Syrian rebels trying to fight off an army offensive in Aleppo said today they were running low on ammunition as President Bashar al-Assad's forces encircled their stronghold at the southern entrance to the country's biggest city.
Assad, dealt another political blow yesterday with the defection of his prime minister, has reinforced his troops in preparation for an assault to recapture rebel-held districts of Aleppo after repelling fighters from most of Damascus.
"The Syrian army is trying to encircle us from two sides of Salaheddine," said Sheikh Tawfiq, one of the rebel commanders, referring to the southwestern neighbourhood which has seen heavy fighting over the last week.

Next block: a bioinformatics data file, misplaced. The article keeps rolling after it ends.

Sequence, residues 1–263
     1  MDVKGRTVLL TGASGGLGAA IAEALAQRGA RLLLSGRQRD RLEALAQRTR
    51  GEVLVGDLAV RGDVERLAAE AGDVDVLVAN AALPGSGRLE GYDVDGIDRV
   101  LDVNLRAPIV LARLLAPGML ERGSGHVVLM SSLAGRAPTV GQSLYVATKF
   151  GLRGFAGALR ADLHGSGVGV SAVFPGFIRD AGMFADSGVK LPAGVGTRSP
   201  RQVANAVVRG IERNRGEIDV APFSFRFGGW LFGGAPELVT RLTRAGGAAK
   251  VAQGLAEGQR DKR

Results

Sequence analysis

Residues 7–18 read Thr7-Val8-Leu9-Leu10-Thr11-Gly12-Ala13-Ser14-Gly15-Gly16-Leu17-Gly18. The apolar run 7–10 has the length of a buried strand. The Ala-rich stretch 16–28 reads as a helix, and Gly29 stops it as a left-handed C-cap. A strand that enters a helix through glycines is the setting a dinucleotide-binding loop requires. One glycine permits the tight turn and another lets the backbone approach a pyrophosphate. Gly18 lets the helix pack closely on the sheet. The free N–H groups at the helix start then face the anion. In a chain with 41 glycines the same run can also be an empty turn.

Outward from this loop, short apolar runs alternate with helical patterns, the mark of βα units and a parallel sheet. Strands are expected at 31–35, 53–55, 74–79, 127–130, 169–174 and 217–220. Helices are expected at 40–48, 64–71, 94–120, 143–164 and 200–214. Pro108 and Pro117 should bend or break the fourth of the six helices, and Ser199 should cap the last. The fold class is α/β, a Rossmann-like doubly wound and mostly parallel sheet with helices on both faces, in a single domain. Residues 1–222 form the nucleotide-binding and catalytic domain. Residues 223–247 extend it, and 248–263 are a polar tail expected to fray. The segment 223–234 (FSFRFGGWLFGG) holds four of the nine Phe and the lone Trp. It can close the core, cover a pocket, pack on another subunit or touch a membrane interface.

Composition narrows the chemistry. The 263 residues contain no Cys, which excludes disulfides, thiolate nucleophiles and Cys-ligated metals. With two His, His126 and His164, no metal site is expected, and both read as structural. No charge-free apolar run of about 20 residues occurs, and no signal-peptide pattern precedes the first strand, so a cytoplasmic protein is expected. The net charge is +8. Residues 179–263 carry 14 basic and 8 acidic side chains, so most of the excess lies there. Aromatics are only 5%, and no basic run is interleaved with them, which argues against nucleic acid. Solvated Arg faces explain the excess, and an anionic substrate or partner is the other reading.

Mortar fire and tank shells exploded across the district early on Tuesday, forcing rebel fighters to take cover in crumbling buildings and rubble-strewn alleyways.
Tanks have entered parts of Salaheddine and army snipers, using the cover of heavy bombardment, deployed on rooftops, hindering rebel movements.
Another rebel commander, Abu Ali, said snipers at the main Saleheddine roundabout were preventing the rebels from bringing in reinforcements and supplies. He said five of his fighters were killed yesterday and 20 wounded.
But rebels said they were still holding the main streets of Salaheddine which have been the frontline of their clashes with Assad's forces.
A fighter jet pounded targets in the eastern districts of Aleppo and artillery shelling could be heard in the early morning, an activist in Aleppo said.
"Two families, about 14 people in total, were believed killed when a shell hit their home and it collapsed this morning," the activist said. The house was one street away from a school being used by rebels, he said.